We drive north to a warehouse where Hand Up operates. They support more than nine hundred families. At the warehouse they run a shop where people can buy essential grocery items at a discount. ‘Hand Up are good for mono-drops,' says Chris. ‘The smaller agencies need variety, so it's hard to drop off, say, a hundred kilos of oranges, but they serve so many here it's not a problem clearing it.'
I start wheeling a trolley with yellow crates full of bread from the dock into the warehouse. There are five women working for Hand Up and each one says, ‘Bread! You've got bread. We're out of bread!' So close to Christmas their supplier couldn't get extra loaves. With well-practised swiftness they begin unpacking and sorting on a ten-metre-long stainless steel bench. Just before I leave I notice towards the back of the room, among the shelves of grocery items, a tall woman with long hair telling her three-year-old daughter to choose something special for Christmas Day.
For the rest of the afternoon we collect food donated at Canberra's public libraries. They've been running a ‘food for fines' program over the summer: borrowers can clear their fines by offering tinned and packaged food in lieu of cash. We pick up twenty-seven kilos of tinned soup, tomato paste, baked beans and pasta at Belconnen Library, and the same amount at Kippax.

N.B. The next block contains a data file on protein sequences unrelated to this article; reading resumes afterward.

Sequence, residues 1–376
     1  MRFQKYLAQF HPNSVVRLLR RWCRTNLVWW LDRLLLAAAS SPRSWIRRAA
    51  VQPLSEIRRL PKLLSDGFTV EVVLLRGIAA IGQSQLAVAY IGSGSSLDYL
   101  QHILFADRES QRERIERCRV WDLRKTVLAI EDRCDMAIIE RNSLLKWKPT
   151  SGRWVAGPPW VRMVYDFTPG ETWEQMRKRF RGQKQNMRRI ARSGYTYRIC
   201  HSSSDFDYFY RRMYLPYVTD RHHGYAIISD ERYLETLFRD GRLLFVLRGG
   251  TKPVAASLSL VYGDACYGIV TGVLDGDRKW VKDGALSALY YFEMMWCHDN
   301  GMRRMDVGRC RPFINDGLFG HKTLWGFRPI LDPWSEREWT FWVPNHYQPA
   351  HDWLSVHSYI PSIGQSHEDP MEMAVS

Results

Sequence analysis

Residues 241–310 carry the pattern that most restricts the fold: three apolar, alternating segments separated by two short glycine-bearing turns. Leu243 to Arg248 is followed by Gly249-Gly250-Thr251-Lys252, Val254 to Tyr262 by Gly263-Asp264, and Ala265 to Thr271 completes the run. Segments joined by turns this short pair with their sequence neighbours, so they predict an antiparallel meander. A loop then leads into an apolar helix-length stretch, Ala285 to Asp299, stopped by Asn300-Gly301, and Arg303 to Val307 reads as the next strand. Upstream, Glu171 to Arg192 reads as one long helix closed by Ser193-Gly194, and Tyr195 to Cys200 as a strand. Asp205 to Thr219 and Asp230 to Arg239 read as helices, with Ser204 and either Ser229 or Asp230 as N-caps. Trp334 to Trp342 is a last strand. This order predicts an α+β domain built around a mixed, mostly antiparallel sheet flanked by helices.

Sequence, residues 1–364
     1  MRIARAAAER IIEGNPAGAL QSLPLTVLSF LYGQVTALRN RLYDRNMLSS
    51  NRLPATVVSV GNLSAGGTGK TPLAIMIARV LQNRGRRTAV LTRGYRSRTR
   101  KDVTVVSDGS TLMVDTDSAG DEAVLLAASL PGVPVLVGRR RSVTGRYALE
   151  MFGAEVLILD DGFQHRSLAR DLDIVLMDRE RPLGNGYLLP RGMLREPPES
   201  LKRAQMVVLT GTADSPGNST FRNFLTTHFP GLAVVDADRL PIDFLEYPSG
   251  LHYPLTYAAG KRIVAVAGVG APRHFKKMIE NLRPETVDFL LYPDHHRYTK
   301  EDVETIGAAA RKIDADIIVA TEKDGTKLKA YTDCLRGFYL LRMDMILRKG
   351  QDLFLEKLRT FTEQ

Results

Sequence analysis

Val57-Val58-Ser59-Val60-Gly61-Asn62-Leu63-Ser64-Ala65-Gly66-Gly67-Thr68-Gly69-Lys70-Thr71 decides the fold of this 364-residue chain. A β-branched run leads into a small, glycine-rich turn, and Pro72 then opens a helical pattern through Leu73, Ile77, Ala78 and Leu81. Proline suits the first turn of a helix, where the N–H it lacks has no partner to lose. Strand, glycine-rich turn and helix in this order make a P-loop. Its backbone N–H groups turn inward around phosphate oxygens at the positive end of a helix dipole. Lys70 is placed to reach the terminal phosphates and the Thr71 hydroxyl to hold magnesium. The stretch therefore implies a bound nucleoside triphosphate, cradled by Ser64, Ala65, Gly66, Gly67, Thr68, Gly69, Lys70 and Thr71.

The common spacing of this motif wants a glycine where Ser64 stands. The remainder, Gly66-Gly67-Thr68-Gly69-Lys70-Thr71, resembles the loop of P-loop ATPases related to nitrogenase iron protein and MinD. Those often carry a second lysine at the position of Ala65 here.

At twenty to two we're driving to the next library when Chris gets a call from Pete at the OzHarvest office. Sue from St John's Care needs more food. Forty more families arrived after we left and have cleaned her out. ‘Sue never calls,' Chris says. ‘She is desperate.'
All we have in the van are the non-perishables from the libraries. Chris pulls over and rings Van 2 but there's no answer. He wonders whether he could go out to the big food donor near the airport. A few months ago he collected four hundred kilos of ‘ready to go' ravioli in one pick-up. Chris decides there isn't time, and he's not scheduled to go there until tomorrow anyway. He sounds worried. ‘Hopefully Van 2 can get something to them,' he says. ‘Tomorrow I'll do the pick-up near the airport and I'll be able to smash them with food.'